Brownplume Wirelettuce is similar to Narrowleaf Wirelettuce, Stephanomeria tenuifolia which is less woody at the base, has glands on the flowering stalk (peduncle) and the seeds have a pappus of white feathery-like bristles from top to bottom.

In Southwest Desert Flora also see: Narrowleaf Wirelettuce, Stephanomeria tenuifolia and Small Wirelettuce, Stephanomeria exigua.

Importance to Wildlife, Birds and Livestock
Brownplume Wirelettuce, Stephanomeria pauciflora has small but attractive attractive flowers, the flowers and their seeds and plants may be visited by hummingbirds and/or small mammals including rodents and granivorous birds in search of nectar, food and shelter.

Beneficial Value to Butterflies, Honey Bees and Insects
Brownplume Wirelettuce, Stephanomeria pauciflora has attractive flowers, the flowers and their plants may be visited by butterflies, moths, flies, honeybees and other insects in search of food and nectar.

Special Value to Native Bees
According to The Xerces Society for Invertebrate Conservation, Brownplume Wirelettuce, Stephanomeria pauciflora is recognized by pollination ecologists as attracting large numbers of Native bees. Click here for more information on their Pollinator Conservation Program.

The genus Stephanomeria is from the Greek word "stephane" meaning "wreath or crown" and "meros" meaning "division"; the references are a reference to the pappus on the cypsela fruit.

The genus Stephanomeria was published by Thomas Nuttall, (1786-1859) in 1841.

The species epithet "pauciflora" (paucifo'lia:) with little foliage, literally “few-leaved.”.

Stephanomeria pauciflora is used for a multitude of personal purposes by southwestern United States indigenous peoples.
  • Hopi Drug, Gynecological Aid, Root used in various ways to increase mother's milk supply.
  • Kawaiisu Food, Candy, Thick liquid used as chewing gum.
  • Navajo, Kayenta Drug, Narcotic, Roots used as a narcotic.
  • Navajo, Kayenta Food, Candy, Used as chewing gum.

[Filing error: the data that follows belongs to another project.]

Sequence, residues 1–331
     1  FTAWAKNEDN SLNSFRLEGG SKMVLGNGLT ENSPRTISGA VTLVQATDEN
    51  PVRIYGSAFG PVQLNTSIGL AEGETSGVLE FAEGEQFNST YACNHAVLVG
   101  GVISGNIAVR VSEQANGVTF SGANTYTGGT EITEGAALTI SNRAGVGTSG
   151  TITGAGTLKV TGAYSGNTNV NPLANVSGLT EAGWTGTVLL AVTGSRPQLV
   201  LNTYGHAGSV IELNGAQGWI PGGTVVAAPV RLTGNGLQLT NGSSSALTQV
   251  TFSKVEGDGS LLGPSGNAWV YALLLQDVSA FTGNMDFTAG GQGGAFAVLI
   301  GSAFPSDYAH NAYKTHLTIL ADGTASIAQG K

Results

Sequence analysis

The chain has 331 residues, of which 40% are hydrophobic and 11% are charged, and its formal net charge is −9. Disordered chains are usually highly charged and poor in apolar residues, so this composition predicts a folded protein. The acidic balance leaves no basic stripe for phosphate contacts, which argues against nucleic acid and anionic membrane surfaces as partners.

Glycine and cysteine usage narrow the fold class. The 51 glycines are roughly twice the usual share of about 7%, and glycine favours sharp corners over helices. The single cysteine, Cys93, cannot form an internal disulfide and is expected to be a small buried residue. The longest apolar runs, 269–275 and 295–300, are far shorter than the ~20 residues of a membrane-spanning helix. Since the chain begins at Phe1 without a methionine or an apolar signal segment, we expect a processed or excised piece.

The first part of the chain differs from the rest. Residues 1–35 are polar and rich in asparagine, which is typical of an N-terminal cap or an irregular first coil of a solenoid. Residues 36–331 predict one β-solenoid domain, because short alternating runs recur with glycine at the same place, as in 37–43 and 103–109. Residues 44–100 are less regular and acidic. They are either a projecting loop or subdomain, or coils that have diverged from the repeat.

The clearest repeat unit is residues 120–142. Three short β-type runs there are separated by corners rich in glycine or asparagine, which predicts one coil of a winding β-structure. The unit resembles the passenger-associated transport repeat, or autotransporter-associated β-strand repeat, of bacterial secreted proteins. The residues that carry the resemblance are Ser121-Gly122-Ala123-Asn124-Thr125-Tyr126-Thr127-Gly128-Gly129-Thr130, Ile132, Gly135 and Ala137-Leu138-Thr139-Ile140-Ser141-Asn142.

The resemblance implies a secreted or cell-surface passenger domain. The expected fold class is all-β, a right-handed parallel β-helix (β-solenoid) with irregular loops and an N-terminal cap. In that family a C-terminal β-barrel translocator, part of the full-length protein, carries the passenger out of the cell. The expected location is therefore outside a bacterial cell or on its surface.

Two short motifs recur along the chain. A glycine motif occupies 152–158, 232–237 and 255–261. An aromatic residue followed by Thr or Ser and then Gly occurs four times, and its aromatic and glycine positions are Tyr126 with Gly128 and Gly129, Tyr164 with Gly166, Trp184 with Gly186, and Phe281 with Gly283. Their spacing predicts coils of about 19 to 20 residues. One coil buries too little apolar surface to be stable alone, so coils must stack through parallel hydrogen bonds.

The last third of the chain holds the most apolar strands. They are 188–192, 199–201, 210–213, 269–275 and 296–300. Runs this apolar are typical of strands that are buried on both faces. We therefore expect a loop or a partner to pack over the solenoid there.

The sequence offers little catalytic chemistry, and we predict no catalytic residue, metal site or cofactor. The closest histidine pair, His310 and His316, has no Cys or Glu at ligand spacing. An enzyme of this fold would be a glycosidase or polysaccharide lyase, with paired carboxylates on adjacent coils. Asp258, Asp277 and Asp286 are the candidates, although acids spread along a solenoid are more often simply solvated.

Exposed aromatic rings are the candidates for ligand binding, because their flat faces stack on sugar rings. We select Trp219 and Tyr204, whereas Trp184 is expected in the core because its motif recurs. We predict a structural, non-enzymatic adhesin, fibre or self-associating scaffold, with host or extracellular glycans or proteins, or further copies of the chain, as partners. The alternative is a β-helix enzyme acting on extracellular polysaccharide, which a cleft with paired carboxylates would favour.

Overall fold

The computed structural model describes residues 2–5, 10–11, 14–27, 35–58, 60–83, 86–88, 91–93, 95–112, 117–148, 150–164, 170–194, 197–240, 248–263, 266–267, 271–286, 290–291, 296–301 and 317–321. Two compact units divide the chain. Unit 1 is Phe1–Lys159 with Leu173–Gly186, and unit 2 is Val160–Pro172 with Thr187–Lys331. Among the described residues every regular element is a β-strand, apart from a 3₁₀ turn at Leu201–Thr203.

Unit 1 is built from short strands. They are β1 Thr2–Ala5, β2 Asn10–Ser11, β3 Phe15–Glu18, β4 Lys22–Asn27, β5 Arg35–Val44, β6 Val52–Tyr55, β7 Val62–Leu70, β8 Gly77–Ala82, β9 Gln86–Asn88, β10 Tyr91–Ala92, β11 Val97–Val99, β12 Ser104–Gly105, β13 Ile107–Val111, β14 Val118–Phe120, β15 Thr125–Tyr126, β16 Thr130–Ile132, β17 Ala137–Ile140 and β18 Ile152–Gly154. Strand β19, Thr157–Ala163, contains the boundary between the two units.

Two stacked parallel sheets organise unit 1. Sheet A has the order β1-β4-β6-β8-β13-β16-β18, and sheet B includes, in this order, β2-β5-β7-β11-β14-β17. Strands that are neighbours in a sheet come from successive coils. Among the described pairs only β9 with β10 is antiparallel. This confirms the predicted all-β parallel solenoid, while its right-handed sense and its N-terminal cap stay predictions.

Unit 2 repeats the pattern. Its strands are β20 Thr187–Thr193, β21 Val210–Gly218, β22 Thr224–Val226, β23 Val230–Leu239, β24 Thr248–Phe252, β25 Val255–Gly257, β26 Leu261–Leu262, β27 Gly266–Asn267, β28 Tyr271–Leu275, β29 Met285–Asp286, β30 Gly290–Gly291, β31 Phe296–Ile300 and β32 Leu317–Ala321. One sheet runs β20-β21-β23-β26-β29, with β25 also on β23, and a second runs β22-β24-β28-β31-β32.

• Navajo, Kayenta Other, Ceremonial Items, Used as a paint ingredient for chant arrows used in various ceremonies.
  • Navajo, Ramah Drug, Gynecological Aid, Strong infusion of root used to hasten delivery of placenta.
  • Navajo, Ramah Drug, Panacea, Root used as a 'life medicine.'
  • Navajo, Ramah Food, Candy, Root used for chewing gum.

  • See complete listing of ethno-botanical uses at Native American Ethnobotany, University of Michigan, Dearborn.

    Date Profile Completed: 11/10/2020
    Kearney, Thomas H., Peebles, Robert H., 1960, Arizona Flora, University of California Press, Berkley and Los Angeles, California.
    U.S. Dept. of Agriculture, Natural Resources Conservation Service on-line database and USGS ITIS search - (accessed 11/06/2020) for Stephanomeria
    The Plant List (2013). Version 1.1. Published on the Internet; (accessed 11/06/2020).
    :L.D.Gottlieb 2012, Stephanomeria pauciflora, in Jepson Flora Project (eds.) Jepson eFlora,, accessed on November 10, 2020.
    Native Plant Information Network, NPIN (2013). Published on the Internet (accessed 11/10/2020). Lady Bird Johnson Wildflower Center at The University of Texas, Austin, TX.
    L. D. Gottlieb, FNA | Family List | FNA Vol. 19, 20 and 21|Asteraceae, Stephanomeria; 10. Stephanomeria pauciflora (Torrey) A. Nelson in J. M. Coulter and A. Nelson, New Man. Bot. Centr. Rocky Mt. 588. 1909. Flora of North America North of Mexico. 16+ vols. New York and Oxford.
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    Wikipedia contributors, 'Stephanomeria pauciflora', Wikipedia, The Free Encyclopedia, 21 March 2018, 21:13 UTC, [accessed 10 November 2020]
    Wikipedia contributors,'Thomas Nuttall', Wikipedia, The Free Encyclopedia, 25 September 2019, 06:04 UTC, [accessed 24 February 2020]
    SEINet synonyms, scientific names, geographic locations, general information.
    Etymology:Michael L. Charters California Plant Names: Latin and Greek Meanings and Derivations; A Dictionary of Botanical and Biographical Etymology - (accessed 11/06/2020, 11/10/2020)
    IPNI (2020). International Plant Names Index. Published on the Internet, The Royal Botanic Gardens, Kew, Harvard University Herbaria & Libraries and Australian National Botanic Gardens. [Retrieved 06 November 2020].